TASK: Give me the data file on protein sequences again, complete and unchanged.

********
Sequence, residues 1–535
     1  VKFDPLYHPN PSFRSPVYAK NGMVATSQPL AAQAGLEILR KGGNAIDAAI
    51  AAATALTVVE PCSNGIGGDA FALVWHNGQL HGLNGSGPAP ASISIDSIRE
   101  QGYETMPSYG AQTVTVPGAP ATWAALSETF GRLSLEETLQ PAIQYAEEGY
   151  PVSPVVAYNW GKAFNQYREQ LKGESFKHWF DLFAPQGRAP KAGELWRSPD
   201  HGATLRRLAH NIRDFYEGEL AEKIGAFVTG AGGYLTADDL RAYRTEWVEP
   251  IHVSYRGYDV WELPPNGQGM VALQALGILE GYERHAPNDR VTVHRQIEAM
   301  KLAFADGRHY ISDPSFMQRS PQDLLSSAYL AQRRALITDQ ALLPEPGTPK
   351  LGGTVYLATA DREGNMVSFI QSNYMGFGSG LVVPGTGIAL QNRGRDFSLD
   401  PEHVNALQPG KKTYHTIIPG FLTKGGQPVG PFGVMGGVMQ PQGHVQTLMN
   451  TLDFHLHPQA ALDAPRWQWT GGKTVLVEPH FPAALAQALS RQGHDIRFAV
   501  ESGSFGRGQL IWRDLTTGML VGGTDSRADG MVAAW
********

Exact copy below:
Sequence, residues 1–535
     1  VKFDPLYHPN PSFRSPVYAK NGMVATSQPL AAQAGLEILR KGGNAIDAAI
    51  AAATALTVVE PCSNGIGGDA FALVWHNGQL HGLNGSGPAP ASISIDSIRE
   101  QGYETMPSYG AQTVTVPGAP ATWAALSETF GRLSLEETLQ PAIQYAEEGY
   151  PVSPVVAYNW GKAFNQYREQ LKGESFKHWF DLFAPQGRAP KAGELWRSPD
   201  HGATLRRLAH NIRDFYEGEL AEKIGAFVTG AGGYLTADDL RAYRTEWVEP
   251  IHVSYRGYDV WELPPNGQGM VALQALGILE GYERHAPNDR VTVHRQIEAM
   301  KLAFADGRHY ISDPSFMQRS PQDLLSSAYL AQRRALITDQ ALLPEPGTPK
   351  LGGTVYLATA DREGNMVSFI QSNYMGFGSG LVVPGTGIAL QNRGRDFSLD
   401  PEHVNALQPG KKTYHTIIPG FLTKGGQPVG PFGVMGGVMQ PQGHVQTLMN
   451  TLDFHLHPQA ALDAPRWQWT GGKTVLVEPH FPAALAQALS RQGHDIRFAV
   501  ESGSFGRGQL IWRDLTTGML VGGTDSRADG MVAAW